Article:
PITTSBURGH -- Having tumbled down the National League Central standings with a month left to play, the Pirates removed setup man Juan Nicasio from their 40-man roster and lost him Thursday afternoon on outright waivers to the Phillies.In a statement, Pirates general manager Neal Huntington acknowledged the move was an
PITTSBURGH -- Having tumbled down the National League Central standings with a month left to play, the Pirates removed setup man Juan Nicasio from their 40-man roster and lost him Thursday afternoon on outright waivers to the Phillies.
In a statement, Pirates general manager Neal Huntington acknowledged the move was an "unusual step" made for "a variety of reasons." One of them is their intent to have younger, controllable pitchers work higher-leverage innings down the stretch instead of Nicasio, a pending free agent.
"We appreciate all that Juan has done for our team and our organization," Huntington said. "We wish him the best."
The Pirates unloaded the remainder of Nicasio's $3.65 million salary, approximately $600,000. Nicasio, 31, posted a 2.85 ERA with 60 strikeouts over 60 innings in his first full season pitching out of the Bucs' bullpen. Following the early-season struggles of Tony Watson and Daniel Hudson, Nicasio emerged as the primary setup man for closer Felipe Rivero.
They did not have to part ways with Nicasio. Rosters expand from 25 to 40 players on Friday, so they could have kept Nicasio and pitched him sparingly or in low-leverage situations as they look toward 2018 down the stretch.
"We acknowledge the minimal amount of money saved by making this move," Huntington said. "However, as a result of our decision and Juan's pending free agency at the end of the season, we felt it appropriate to attempt to move Juan to a better situation for him."
But why not do so before the non-waiver Trade Deadline on July 31? Perhaps the Pirates believed they were too close to contending to part with Watson and Nicasio. Why not work out a more conventional waiver trade to recoup some value from the loss of Nicasio?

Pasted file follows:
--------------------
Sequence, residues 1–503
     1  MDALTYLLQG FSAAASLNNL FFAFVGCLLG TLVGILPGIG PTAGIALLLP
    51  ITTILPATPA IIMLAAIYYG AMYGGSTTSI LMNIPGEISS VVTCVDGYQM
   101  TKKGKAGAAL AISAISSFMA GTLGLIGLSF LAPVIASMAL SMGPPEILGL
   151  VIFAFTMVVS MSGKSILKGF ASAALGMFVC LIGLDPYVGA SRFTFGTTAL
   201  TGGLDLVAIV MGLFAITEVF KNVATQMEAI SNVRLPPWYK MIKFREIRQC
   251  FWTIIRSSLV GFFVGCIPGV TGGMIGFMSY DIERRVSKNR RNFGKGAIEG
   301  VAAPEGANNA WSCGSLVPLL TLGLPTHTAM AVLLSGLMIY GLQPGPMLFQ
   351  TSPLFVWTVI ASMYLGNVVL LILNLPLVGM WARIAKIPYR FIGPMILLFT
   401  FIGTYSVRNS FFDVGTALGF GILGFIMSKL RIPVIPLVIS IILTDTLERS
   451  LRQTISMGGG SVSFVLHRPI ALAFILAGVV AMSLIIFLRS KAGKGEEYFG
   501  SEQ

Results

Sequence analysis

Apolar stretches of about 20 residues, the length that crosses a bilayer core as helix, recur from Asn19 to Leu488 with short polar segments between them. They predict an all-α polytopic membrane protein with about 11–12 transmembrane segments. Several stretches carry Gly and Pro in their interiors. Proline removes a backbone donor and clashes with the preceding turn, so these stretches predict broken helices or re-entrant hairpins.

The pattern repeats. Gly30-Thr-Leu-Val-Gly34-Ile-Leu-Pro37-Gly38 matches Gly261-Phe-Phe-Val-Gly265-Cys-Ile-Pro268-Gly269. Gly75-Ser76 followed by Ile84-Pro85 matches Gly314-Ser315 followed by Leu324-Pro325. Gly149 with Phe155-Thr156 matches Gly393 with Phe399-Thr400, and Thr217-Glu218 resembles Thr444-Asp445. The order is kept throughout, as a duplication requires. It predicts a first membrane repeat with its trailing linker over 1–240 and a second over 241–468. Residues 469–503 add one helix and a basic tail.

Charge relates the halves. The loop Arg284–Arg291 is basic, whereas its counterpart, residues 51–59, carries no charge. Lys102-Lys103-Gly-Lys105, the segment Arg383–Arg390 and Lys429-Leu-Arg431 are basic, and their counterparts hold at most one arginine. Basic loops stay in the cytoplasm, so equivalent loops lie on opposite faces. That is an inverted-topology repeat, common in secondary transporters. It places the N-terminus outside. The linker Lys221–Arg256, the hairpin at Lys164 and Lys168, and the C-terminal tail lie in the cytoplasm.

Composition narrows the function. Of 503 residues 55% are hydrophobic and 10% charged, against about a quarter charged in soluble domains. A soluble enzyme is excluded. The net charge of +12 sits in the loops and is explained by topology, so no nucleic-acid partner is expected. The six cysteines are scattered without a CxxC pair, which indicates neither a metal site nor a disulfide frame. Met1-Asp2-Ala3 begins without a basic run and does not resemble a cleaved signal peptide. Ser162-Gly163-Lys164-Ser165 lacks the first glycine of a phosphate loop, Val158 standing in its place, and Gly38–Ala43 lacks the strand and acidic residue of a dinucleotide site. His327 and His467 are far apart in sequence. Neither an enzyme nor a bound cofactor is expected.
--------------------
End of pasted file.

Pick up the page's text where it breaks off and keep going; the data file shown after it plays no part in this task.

According to Huntington, Nicasio was claimed off revocable waivers by a "playoff-caliber club that indicated to us their primary motivation was to block us from being able to trade Juan elsewhere." And thus that club offered what Huntington described as "very marginal value in return if we chose to trade Juan to them."
So the Pirates opted to pull back Nicasio, place him on irrevocable outright waivers and receive nothing in return but salary relief and a handful of innings to disperse among their younger relievers.
"Rather than help a direct competitor and recognizing the difference in claiming order between trade and outright waivers, we chose to take the chance to see if by placing Juan on outright waivers he would end up with a different playoff contender, preferably one in the American League," Huntington said.
Instead, Nicasio landed with the rebuilding Phillies. They entered Thursday with a Major League-worst .371 winning percentage, making them the first club able to claim Nicasio.
Thursday is the deadline for clubs to acquire players so that they can be eligible for the postseason. Most August deals are made through the trade waiver process, which is different than the outright waiver process through which the Phillies claimed Nicasio.
When a National League team passes a player through trade waivers, he is available first to NL clubs in reverse order of the standings. The outright waiver process prioritizes the claiming order based purely on record without taking the club's league into account. Putting Nicasio on outright waivers gave him a better chance of landing in the crowded AL Wild Card race, for instance, before falling to NL Central clubs like the Cardinals or Brewers.
Adam Berry has covered the Pirates for MLB.com since 2015. Follow him on Twitter and Facebook and read his blog.